New to Canberra, I love exploring this city and the secrets that it holds with my family.
Published June 28th 2015
BBQ's, cemetry walks, swimming and skimming stones
Half an hour south of Canberra's CBD is the little village of Tharwa. With a population of fewer than 200 people, this village is a sleepy little hollow just on the southern edge of Tuggeranong. Tharwa is the oldest settlement in the ACT dating back to 1862, with Tharwa Bridge the oldest in the ACT built in 1895.
At first glance this sleepy spot may not excite everyone, however as you dig deeper you find that with so much history in the little village, it is an interesting place to explore and spend some family time by the river.
When settlers first arrived in the area, they used this narrow part of the Murrumbidgee River (where the bridge is situated) as a regular crossing. Unfortunately with flooding, soft river beds and heavy horse drawn carts going over the soft river banks, there were many drowning's as the carts overturned.
After decades of public demand, the Tharwa Bridge was built in 1895 and with much excitement, the region had a public holiday to celebrate.
With a few picnic tables and two BBQ's it is a peaceful place to slow down, explore the area and walk the two walking tracks if you have the time. In Winter you are likely to have the whole place to yourselves to skim stones into the river and look up to the impressive bridge above you. In Summer you may struggle to find a car space, with locals in the area loving the swimming hole under the bridge and surrounding areas for a cool dip.
This photo was taken after the rain, so the water level is higher than normal.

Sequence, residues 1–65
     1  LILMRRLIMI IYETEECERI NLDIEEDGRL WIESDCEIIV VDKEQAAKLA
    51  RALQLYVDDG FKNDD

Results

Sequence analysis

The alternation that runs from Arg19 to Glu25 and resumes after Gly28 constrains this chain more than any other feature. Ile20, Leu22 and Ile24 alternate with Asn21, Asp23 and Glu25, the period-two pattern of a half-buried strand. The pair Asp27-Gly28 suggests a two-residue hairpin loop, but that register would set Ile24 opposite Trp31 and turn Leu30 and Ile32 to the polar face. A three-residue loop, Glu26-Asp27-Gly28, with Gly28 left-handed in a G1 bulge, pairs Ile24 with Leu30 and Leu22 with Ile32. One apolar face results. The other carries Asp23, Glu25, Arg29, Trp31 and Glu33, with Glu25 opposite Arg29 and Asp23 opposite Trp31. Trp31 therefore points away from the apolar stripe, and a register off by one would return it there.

Further along the river is also Tharwa Sandwash track and swimming area with access off Smiths Road via Naas Road near Tharwa.
There are two tracks that start at Tharwa Bridge. One is Tharwa Explorer Track (2.8 kilometre, 2 hours return, graded as easy) which follows the Murrumbidgee River upstream to the unusual De Salis cemetery (adjacent to the historic Cuppacumbalong property). In the late 1800's the De Salis family created a burial ground for their family high above the banks of the river to ensure the coffins wouldn't be washed away in any flooding. There are 16 family members buried here at this above ground historic cemetery.
Signage at the cemetery when you arrive..Photo courtesy of ACT tams website.
The other track is the Honyong Track. Although there is signage to the walk (under the bridge) in the opposite direction, it is only a 600 metre walk to the end. The walk is named after the aboriginal leader Onyong (also known as Honyong) who died in the 1850's and is buried in an unknown location on the side of a hill near Tharwa bridge.
After your visit, you can drive on to Tidbinbilla from Tharwa (22km away) if you wish to continue with your outdoors adventure.
As this is a long drive from the city you may not want to make a special trip out to this reserve, however if you are out for a country drive or are a lover of local history, then Tharwa Bridge reserve is an ideal spot (especially in Winter) for a peaceful break and walk the cemetery track.
Then in Summer, grab the esky, BBQ tongs and tom sauce and spend some time with the locals under this unique historic bridge.